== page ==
Case notes By Hon. James A. Shapiro, Greg Funfsinn, James Stern, and Lori G. Levin Criminal Justice, June 2010 Recently decided criminal cases.
Expungement reconsidered By Joshua D. Carter Human Rights, May 2010 What is expungement good for? Such records are not available to employers through the official channels and, perhaps more importantly, it is illegal under the Illinois Human Rights Act for an employer to consider any criminal history information which has been ordered expunged or sealed.
Expungement. What is it good for? (with apologies to Edwin Starr) By Thomas A. Bruno Human Rights, May 2010 Can a record ever really be expunged when material posted online can be searched in perpetuity?
Fraud Enforcement and Recovery Act of 2009 By Howard Z. Gopman Business and Securities Law, May 2010 A brief summary of the criminal and civil provisions of the Act.
Women in the criminal justice system—Justice delivered or denied? By E. Nicole Carrion Women and the Law, May 2010 A recap of the February CLE program sponsored by the Standing Committee on Women and the Law.
People of the State of Illinois v. Delvillar—The Illinois Supreme Court construes statute on guilty pleas of noncitizen criminal defendants facing deportation and other immigration consequences By Christina J. Murdoch, Kathryn R. Weber, and Scott D. Pollock International and Immigration Law, March 2010 The decision may not be as devastating to non-citizens as it seems on the surface.
HOUSE BILLS—Criminal, Juvenile & Traffic By Steve Baker Criminal Justice, January 2010 House Bills from the 96th Illinois General Assembly
Case Notes By John J. Rekowski, Debra A. Seaton, and Jameika Mangum Criminal Justice, December 2009 Recent criminal law cases.
SENATE BILLS—Criminal, Juvenile & Traffic By Steve Baker Criminal Justice, December 2009 Illinois Senate bills of interest to criminal law practitioners.
Case summaries By Robert B. Anderson, Steve Baker, Kevin P. Nolan, Marc D. Wolfe, and Jacqueline M. Aldrich Criminal Justice, October 2009 Recent cases of interest to criminal law attorneys.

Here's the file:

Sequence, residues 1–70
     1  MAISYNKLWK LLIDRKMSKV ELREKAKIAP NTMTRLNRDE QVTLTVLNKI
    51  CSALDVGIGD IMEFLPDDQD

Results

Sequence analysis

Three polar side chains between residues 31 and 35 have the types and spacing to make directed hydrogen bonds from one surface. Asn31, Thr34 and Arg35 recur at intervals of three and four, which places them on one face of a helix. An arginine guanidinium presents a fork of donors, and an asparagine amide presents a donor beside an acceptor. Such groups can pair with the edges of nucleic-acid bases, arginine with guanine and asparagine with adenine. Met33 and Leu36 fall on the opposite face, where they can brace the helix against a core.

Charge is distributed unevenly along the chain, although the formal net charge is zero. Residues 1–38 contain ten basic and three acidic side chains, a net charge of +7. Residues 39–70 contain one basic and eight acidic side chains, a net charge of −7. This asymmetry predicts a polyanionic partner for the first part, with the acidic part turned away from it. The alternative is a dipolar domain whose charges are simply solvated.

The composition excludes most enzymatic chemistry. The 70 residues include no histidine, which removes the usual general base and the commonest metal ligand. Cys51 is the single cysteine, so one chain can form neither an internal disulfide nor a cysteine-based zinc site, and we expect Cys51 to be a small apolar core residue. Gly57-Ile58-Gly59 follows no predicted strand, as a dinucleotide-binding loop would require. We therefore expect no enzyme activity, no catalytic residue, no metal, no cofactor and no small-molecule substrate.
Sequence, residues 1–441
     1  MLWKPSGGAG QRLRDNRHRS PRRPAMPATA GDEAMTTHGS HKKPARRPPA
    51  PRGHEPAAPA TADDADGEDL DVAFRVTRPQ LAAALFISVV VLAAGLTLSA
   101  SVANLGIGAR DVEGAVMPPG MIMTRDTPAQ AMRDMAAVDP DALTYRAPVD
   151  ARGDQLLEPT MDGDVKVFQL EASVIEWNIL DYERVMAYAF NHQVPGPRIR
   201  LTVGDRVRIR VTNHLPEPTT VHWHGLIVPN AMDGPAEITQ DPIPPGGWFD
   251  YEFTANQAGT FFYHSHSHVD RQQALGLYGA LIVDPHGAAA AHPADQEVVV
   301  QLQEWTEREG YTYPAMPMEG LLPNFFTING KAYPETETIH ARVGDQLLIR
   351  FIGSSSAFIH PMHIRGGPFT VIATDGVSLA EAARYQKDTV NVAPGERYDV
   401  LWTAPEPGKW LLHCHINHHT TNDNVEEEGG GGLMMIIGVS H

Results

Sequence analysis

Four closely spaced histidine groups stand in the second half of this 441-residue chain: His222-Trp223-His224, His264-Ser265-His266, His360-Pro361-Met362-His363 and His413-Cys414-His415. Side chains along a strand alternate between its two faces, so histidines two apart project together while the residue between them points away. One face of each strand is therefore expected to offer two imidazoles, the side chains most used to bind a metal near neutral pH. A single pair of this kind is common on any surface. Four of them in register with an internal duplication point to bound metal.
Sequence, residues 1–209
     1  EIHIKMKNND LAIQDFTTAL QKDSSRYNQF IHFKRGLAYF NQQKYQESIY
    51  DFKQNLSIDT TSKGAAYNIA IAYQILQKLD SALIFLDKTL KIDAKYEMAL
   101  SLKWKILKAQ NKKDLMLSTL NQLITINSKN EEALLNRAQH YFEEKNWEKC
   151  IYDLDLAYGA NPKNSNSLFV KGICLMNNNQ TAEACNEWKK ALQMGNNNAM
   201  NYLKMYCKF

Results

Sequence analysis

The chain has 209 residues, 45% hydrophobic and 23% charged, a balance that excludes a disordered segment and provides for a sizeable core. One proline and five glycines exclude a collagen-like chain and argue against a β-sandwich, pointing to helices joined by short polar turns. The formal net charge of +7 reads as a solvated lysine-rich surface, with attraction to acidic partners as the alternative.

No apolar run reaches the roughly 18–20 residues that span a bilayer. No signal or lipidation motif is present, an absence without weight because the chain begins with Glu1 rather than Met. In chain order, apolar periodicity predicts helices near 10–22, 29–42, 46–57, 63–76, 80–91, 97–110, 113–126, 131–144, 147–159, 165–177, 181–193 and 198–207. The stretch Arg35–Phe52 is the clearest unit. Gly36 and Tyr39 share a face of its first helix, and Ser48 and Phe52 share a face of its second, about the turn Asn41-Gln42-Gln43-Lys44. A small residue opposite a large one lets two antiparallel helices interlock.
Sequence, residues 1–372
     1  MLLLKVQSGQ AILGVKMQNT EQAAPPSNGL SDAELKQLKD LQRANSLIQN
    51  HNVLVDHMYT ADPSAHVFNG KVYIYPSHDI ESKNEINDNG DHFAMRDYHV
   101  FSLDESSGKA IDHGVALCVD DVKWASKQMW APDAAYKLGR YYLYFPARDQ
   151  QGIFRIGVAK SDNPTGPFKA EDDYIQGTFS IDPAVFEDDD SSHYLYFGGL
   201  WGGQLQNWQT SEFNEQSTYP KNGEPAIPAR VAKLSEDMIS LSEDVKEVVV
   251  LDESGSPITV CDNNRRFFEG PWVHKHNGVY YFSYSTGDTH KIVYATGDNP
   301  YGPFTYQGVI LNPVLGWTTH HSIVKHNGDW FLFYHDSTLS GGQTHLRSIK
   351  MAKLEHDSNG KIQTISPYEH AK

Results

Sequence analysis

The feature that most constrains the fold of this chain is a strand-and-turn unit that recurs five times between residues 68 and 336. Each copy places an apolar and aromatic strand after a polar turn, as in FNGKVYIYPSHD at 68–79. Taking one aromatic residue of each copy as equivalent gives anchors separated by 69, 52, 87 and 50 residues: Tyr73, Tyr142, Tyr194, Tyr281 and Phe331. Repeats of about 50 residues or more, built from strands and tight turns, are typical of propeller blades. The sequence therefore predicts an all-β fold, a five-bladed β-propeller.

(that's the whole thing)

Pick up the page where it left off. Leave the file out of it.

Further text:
Substance abuse—A perspective for use in plea bargaining By Ralph E. Guderian Criminal Justice, October 2009 In Illinois, if the defendant’s intoxicated or drugged condition was voluntarily produced, it cannot be raised as an affirmative defense during trial to avoid criminal responsibility for his or her conduct. However, during plea bargaining, 402 conferences, sentencing and the like, the defendant’s conduct can be considered as being the result of such use, abuse or dependence.
Criminal prosecution under the Occupational Safety and Health Act By MIchael R. Lied Labor and Employment Law, September 2009 Employers do not typically think about the possibility of criminal liability under the Occupational Safety and Health Act. However, Section 17(e) of the Act punishes any employer convicted of willfully violating any standard, rule, order or regulation prescribed pursuant to the Act, if that violation caused an employee’s death. 
Case summaries By Lori G. Levin, Steve Baker, David B. Franks, Hon. Michael P. McCuskey, Sandra Blake, George G. Leynaud, and Judith Lozier Criminal Justice, May 2009 Recent cases of interest to criminal law attorneys.
Case summaries By George D. Lenard, Hon. Daniel M. Locallo, John J. O’Gara Jr., and Ron Lewis Criminal Justice, April 2009 Recent cases of interest to criminal law attorneys.
“Cross-Section of Immigration and Criminal Law: Immigration Consequences of Criminal Offenses:” Upcoming CLE sponsored by the International and Immigration Law Council and co-sponsored by the Criminal Justice Council By Anne M. Skallerup International and Immigration Law, April 2009 The International and Immigration Law Council and the Criminal Justice Council have organized a Continuing Legal Education class intended to educate criminal defense and immigration attorneys who represent noncitizens of the impact that criminal offenses have on the immigration status of their clients.